[Skip to content]

NAHT - For Leaders, For Learners
Search our Site
SEN review exposes policy shortcomings
News icon

SEN review exposes policy shortcomings rather than school failures

female teacher helping young girl with text book

Today's Ofsted report mixes insight and fallacy in equal measure. NAHT acknowledges the validity of many of the recommendations made in Ofsted’s report on SEN in schools and welcomes its focus on outcomes rather than processes. However, school leaders expressed regret that Ofsted have chosen to criticise schools for following local and national government recommendations.


Russell Hobby, General Secretary NAHT comments as follows:


“For years, schools have been encouraged to identify children with special educational needs / disability and to provide for them ‘differently’. Individual learning plans, one-to-one tuition and specialist external support have, largely thanks to Government rhetoric, become the expectation of any parent whose child is experiencing difficulties. Schools have struggled to provide these resources, despite their financial and educational implications, only to be criticised for not using a more inclusive pedagogy, raising expectation and using whole class participation.


We would also suggest that Ofsted need to recognise that poverty, neglect and emotional deprivation can have such a significant impact on a child’s readiness or ability to engage with formal teaching and learning that identification as SEN may well be appropriate, as that child undoubtedly will need additional support.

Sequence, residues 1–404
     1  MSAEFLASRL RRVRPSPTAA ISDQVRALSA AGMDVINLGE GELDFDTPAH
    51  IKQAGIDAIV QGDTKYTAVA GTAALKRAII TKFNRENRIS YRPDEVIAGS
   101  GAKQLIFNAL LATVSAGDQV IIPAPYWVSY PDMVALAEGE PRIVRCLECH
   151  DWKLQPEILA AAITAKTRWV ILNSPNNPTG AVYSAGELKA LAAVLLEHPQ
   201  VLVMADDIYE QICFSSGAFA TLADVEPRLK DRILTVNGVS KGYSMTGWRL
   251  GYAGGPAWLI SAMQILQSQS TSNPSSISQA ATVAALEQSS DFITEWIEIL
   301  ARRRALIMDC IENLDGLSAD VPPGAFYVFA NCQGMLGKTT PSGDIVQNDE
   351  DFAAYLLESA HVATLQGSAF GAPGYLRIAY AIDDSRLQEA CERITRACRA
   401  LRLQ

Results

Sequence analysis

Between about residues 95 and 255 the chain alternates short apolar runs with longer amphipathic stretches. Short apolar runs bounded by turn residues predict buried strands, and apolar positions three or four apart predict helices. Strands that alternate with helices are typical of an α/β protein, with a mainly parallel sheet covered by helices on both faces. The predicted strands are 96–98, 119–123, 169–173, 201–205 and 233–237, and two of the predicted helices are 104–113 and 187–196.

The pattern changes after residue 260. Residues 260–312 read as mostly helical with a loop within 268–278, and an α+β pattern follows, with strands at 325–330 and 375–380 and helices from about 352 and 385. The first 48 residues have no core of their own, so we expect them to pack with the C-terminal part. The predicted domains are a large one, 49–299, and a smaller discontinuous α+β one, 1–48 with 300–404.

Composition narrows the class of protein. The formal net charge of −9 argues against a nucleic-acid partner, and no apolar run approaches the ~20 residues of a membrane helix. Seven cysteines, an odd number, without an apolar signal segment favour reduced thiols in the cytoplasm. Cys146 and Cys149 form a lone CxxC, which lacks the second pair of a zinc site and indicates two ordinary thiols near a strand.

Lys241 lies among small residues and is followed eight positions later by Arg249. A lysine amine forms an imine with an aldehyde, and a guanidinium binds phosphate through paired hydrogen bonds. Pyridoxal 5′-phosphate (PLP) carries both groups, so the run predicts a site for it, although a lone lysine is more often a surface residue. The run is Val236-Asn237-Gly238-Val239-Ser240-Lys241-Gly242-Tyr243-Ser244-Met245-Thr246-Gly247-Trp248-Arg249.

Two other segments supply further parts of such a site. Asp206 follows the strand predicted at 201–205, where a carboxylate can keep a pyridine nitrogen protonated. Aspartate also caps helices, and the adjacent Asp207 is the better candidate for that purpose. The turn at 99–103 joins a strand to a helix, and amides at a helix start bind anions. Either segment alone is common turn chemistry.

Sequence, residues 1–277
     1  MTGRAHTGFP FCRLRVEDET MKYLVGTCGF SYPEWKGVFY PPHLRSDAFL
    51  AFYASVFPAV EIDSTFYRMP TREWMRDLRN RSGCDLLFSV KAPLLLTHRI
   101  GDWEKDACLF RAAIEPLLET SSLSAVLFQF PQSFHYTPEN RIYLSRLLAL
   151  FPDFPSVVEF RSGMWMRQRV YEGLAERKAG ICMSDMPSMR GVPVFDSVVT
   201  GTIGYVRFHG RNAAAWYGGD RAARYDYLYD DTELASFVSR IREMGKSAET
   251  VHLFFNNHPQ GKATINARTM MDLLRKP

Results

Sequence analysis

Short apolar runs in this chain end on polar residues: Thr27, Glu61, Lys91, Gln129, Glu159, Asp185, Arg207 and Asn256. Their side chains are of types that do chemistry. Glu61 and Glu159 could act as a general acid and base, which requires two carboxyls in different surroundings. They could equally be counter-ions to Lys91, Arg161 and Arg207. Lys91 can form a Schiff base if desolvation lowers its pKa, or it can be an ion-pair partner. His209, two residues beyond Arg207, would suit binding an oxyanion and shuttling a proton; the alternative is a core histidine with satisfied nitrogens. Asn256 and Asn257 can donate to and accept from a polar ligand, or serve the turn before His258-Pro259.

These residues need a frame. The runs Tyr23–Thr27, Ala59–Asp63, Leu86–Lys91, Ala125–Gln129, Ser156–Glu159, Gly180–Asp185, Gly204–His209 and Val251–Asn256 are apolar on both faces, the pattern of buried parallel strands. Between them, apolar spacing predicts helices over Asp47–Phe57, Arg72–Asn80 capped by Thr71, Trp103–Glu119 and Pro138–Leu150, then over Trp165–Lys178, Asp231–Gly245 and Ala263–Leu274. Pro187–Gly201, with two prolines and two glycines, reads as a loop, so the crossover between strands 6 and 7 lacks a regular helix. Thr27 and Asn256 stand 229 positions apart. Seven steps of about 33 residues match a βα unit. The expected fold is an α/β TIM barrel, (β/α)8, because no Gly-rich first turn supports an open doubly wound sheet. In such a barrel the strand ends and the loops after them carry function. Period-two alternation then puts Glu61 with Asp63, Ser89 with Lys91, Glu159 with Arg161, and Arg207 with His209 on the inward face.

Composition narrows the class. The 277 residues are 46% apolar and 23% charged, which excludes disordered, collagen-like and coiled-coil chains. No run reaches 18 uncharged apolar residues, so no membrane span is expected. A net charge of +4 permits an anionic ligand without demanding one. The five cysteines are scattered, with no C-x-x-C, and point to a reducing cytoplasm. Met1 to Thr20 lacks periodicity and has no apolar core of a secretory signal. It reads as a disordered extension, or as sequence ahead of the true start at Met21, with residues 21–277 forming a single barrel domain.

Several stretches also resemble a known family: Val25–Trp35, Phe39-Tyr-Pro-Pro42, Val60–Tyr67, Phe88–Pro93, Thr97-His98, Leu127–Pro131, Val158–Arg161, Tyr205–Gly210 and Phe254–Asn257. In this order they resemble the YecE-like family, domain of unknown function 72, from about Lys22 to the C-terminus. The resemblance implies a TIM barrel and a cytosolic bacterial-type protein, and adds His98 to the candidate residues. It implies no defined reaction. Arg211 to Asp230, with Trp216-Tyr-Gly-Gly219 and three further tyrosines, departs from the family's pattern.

Ofsted are independent, but they are far from infallible. Whilst an Inspector may not believe that child is in need of a statement, their assessment is by necessity based on a snap-shot analysis. Teachers and parents may have a very different impression of a child’s needs based on holistic assessment over a period of weeks, months or years.


There is no evidence in the report of systematic over-statementing of children in order to gain additional resources or improve performance scores. Teachers want children to get what they deserve and, together with parents and the children themselves, fight hard to achieve this. We should not find this surprising or reprehensible.


We welcome the opportunity the Government Green Paper affords those hoping to improve outcomes for young people with SEND and we look forward to discussing our ideas with Government later this term. “



Page Published: 14/09/2010